We Are L.A. Unified

Israel Hernandez and Leo Magallon met a few years ago at a solar boat competition. Education in Boyle Heights has not been the same since.

Both Israel, 35, and Leo, 28, are founding members of the STEM Academy of Boyle Heights, which opened this year with 61 ninth and tenth-grade students, eight teachers, and 11 classrooms, located on a distant, nondescript corner of the Hollenbeck Middle School campus. The goal is to eventually expand to 500 students.

The two engineering teachers are constantly seeking opportunities for their students outside the classroom. They enter teams in several competitions, including the Illinois Institute of Technology’s International Bridge Building Contest, held at Cal State L.A., which allowed the team to qualify for the international competition held in Chicago.

They also sent two students to work with Michael Maltzan Architecture, Inc., who helped to complete a scale model of the new Los Angeles Sixth Street Viaduct. This structure will replace the famous Sixth Street Bridge.

And, in a shed on campus, they’re supervising the construction of an electric car, which is scheduled to go for a test run on the Hollenbeck playground in late spring. The electric vehicle is a one-passenger car measuring approximately 7-feet and will be ready for a competition in May.

“We’re letting the students and their parents know there is a bigger world beyond Boyle Heights,” said Leo.

It’s a lesson that comes straight from the academic partner’s personal biographies. Both men were raised in Boyle Heights and attended Roosevelt High School. Israel went on to the University California, Santa Cruz, where he majored in math. Leo received a graduate degree in math from Occidental College.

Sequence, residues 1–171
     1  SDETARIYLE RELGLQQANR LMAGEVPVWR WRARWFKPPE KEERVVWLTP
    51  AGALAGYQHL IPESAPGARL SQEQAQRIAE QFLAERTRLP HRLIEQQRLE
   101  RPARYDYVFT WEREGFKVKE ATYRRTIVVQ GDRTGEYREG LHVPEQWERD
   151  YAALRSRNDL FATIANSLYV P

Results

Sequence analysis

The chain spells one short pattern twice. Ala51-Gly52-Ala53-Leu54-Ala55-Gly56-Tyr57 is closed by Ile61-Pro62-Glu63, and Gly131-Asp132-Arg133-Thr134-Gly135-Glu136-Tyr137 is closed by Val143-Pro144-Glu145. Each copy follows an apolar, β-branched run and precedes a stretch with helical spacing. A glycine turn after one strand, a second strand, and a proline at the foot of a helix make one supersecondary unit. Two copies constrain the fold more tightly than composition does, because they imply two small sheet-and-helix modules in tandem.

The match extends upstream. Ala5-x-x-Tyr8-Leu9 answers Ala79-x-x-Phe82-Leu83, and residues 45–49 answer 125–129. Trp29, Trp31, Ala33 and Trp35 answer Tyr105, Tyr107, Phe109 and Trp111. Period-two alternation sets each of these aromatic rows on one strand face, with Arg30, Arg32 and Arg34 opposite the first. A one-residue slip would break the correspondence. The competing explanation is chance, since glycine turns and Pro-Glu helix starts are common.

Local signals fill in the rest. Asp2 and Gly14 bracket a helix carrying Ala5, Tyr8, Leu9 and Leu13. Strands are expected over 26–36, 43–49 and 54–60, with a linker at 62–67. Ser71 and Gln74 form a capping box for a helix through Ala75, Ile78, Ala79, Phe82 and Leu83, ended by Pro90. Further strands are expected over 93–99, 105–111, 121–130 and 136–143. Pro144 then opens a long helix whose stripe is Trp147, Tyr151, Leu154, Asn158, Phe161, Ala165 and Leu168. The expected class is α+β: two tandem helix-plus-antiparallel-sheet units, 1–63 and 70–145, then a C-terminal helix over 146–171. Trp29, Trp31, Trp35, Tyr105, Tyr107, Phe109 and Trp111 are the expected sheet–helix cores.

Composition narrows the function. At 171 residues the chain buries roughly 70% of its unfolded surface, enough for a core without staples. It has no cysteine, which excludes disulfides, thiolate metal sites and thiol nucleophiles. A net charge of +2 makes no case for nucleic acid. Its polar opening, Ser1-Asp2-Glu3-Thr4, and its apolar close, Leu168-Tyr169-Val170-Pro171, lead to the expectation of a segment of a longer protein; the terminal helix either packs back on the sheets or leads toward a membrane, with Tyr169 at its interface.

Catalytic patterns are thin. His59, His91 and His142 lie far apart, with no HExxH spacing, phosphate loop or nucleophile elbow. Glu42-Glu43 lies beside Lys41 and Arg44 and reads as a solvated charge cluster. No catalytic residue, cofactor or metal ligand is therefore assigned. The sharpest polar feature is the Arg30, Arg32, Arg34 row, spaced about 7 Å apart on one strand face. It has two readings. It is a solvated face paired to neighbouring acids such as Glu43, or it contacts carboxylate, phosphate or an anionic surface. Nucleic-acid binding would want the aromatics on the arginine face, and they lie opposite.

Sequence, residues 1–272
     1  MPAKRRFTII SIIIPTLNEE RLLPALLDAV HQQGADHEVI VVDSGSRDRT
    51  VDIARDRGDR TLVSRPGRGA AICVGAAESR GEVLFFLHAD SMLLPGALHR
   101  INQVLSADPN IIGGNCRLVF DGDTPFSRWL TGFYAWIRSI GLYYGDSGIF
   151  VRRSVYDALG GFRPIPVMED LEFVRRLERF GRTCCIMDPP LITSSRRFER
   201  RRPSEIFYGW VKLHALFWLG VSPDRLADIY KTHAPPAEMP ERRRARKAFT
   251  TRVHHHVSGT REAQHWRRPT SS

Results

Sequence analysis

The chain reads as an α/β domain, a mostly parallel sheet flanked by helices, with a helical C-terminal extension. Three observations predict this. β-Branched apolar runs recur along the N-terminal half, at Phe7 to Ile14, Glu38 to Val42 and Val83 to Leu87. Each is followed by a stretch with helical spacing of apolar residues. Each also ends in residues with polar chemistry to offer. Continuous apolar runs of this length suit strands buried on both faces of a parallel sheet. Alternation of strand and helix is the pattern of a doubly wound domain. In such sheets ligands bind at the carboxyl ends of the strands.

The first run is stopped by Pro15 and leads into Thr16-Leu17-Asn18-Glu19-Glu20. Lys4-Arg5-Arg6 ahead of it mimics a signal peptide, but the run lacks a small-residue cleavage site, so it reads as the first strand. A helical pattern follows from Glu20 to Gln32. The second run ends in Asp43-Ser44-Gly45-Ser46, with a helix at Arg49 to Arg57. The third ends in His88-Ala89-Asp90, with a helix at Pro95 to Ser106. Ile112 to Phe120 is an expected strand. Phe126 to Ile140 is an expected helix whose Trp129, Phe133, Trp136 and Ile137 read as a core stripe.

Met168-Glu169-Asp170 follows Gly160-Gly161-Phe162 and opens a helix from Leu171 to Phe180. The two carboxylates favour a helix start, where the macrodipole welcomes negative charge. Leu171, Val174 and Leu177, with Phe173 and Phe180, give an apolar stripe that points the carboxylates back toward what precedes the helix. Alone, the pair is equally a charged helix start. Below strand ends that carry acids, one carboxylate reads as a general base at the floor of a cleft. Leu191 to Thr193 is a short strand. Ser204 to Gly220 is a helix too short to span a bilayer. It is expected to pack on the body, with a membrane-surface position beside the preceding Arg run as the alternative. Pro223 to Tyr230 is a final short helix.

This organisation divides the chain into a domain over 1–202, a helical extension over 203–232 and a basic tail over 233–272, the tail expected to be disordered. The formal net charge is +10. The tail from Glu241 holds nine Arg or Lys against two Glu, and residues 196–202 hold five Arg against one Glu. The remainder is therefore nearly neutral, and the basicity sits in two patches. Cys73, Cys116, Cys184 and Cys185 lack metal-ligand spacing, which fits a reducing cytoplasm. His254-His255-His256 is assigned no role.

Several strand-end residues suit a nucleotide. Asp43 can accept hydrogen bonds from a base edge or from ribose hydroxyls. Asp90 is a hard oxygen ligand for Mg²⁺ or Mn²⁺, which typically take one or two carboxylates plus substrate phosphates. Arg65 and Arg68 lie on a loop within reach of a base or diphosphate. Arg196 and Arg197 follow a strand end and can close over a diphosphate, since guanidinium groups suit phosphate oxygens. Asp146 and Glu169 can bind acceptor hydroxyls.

Israel, who taught at Roosevelt when the two first met, virtually recruited Leo on the spot to join the faculty. The offer intrigued Leo, not the least because, like Israel before him, he had a strong desire to return home. “After that, we’ve been a duo,” said Leo, “exposing kids in Boyle Heights to engineering.”

Israel spent 12 years teaching at Roosevelt, and Leo spent four. When Roosevelt consolidated, Israel and Leo, along with four other colleagues, submitted a proposal to L.A. Unified for the STEM Academy of Boyle Heights to continue their science, technology, engineering and math program and small-school setting that they were implementing at Roosevelt.

The homegrown component is a critical part of their appeal to the community. “We’re not outsiders coming in to save these kids,” said Israel. “We’re from the neighborhood.”

If you would like more information on the STEM Academy of Boyle Heights, please visit their website at https://stemboyleheights-lausd-ca.schoolloop.com or call (323) 780-3060.

--Thomas Waldman

To nominate a teacher, student, employee or volunteer, send an email to Thomas.Waldman@lausd.net, or call 213-241-6766.

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